A land of fairytale villages and craggy distinct mountains lording over endless meadows, the Dolomites seem mysterious and not quite real to fresh onlookers. It would be easy to frame this mountain range, which was declared a UNESCO World Heritage site in 2009, as a site of staggering beauty, unique landscapes and a paradise for hikers and bikers. Yet it’s far more than that.
The most scenic tour to Triglav
It’s been 124 years since Jakob Aljaž, a great patriot and a priest, paid one Austro-Hungarian gulden for the top of Slovenia’s highest mountain. The amount of money one could have bought 50 eggs or 10 liters of milk for. His idea was to oppose the prevalent Germanization of the Slovenian people and the mountains in the Austro-Hungarian Empire back then.
Once the top of Slovenia was again Slovenian, he had a 2×1.25 m symbolic tower erected at the top of Triglav on 7 August 1895. In the following years he also mined an almost impassable 30-cm ridge between the peaks of Triglav and Mali Triglav into the nicely wide ridge we know today; besides, he also built the mountain hut Kredarica at 2,515 m and the Aljaž Hut in the Vrata Valley below Triglav. His far-reaching idea was to stimulate more Slovenians to visit the mountains, conquer the very top of Slovenia – the symbol of the Slovenian nation, make new legendary routes, and thus make the mountains Slovenian again.
Our favoured one-day round tour to the Triglav Lakes
I’ve already written about what an amazing country this is, but despite all of its unique qualities, hands down my favorite part of Slovenia is the spectacular mountainous area of the Triglav National Park, the largest protected area in Slovenia covering 838 square kilometers, which encompasses Mt. Triglav and most of the 400 2K+ peaks found in the country. To be honest, the setting with pristine lakes, small streams and towering mountains couldn’t be more beautiful, inspiring or just plain divine. Why would you not hike there?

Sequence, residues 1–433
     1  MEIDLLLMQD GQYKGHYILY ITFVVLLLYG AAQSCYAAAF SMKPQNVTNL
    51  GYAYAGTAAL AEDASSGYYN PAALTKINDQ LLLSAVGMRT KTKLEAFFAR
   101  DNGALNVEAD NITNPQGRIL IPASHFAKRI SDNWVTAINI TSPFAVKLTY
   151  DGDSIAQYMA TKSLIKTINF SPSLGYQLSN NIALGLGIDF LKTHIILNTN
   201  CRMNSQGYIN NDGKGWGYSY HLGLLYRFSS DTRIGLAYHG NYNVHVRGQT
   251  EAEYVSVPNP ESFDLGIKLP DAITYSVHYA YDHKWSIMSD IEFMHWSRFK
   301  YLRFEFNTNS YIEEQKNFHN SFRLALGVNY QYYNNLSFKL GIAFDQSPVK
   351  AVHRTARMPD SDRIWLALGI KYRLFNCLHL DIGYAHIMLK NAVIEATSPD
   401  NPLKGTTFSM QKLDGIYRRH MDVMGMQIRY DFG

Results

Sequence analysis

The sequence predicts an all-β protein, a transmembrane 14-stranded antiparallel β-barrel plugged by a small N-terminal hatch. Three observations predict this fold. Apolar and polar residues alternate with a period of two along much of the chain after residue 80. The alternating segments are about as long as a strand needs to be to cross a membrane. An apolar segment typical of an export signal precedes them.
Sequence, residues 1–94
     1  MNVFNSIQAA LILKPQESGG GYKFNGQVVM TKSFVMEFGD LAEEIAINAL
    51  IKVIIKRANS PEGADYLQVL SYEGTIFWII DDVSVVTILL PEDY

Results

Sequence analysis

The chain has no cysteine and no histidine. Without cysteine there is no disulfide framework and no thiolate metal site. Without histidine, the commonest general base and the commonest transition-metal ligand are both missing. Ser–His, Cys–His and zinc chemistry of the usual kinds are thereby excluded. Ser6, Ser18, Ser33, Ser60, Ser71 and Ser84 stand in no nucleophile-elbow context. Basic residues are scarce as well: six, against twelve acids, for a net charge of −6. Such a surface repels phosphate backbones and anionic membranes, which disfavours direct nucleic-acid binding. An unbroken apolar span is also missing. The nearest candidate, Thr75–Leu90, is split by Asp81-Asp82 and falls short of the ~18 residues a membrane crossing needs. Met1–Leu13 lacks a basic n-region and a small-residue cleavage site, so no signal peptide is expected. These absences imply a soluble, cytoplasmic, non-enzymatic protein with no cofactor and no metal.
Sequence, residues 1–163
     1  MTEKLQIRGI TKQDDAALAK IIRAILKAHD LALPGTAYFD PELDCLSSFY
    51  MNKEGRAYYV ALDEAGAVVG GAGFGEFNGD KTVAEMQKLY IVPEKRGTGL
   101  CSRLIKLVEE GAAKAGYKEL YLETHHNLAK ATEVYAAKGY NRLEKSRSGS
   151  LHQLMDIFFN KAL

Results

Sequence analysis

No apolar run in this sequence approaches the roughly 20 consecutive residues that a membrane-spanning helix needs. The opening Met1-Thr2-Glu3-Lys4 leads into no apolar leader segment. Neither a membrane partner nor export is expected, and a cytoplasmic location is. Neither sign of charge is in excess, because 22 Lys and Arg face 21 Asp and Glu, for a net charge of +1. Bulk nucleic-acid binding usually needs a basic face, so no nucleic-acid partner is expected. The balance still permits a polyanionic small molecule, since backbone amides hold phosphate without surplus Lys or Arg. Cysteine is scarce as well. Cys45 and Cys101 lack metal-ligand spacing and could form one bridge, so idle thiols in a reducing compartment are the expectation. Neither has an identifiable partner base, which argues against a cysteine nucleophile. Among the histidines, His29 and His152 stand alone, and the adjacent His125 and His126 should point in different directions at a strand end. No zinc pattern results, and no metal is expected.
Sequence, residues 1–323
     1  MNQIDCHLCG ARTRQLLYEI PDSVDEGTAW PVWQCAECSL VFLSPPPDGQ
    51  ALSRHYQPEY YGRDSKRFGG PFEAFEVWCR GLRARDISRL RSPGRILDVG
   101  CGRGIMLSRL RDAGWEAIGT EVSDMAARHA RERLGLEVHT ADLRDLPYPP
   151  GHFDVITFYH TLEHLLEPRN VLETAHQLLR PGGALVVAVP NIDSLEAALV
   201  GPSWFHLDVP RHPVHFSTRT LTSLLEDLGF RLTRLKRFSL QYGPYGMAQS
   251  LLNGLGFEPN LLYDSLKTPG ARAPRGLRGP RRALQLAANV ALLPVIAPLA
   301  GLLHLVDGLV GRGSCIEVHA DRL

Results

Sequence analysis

Where to hike around the Soča Valley in amazing western Slovenia
Certain places resonate with us, hikers, in many unique and mysterious ways. Whether I can envision myself exploring one mountain top after another or just falling in love with a particular area, often-times I find myself returning to some spots again and again.
The Upper Soča Valley is definitely one of the corners of Slovenia where I have left bits of my heart.
Beautiful mountain above Mojstrana: Vrtaški Vrh
At first glance, Mojstrana seems like a classic small town of a little over a thousand people. Yet this little town is anything but ordinary. Apart from hosting the Slovenian Alpine Museum, namely the only mountaineering museum in Slovenia, Mojstrana is also closely connected to the Julian Alps, the Triglav National Park and the Karawanks. That’s why I’m always beyond psyched when visiting that part of Slovenia and exploring the beautiful mountains and waterfalls surrounding it. This time I headed towards a most scenic 1,900-meter high mountain called Vrtaški Vrh with not only astonishing views of the tall and grand, but also green valleys and countless spring flowers blooming along the trail.
Encircled by high mountains, this picturesque village offers a plethora of hiking trails: Bohinjska Bistrica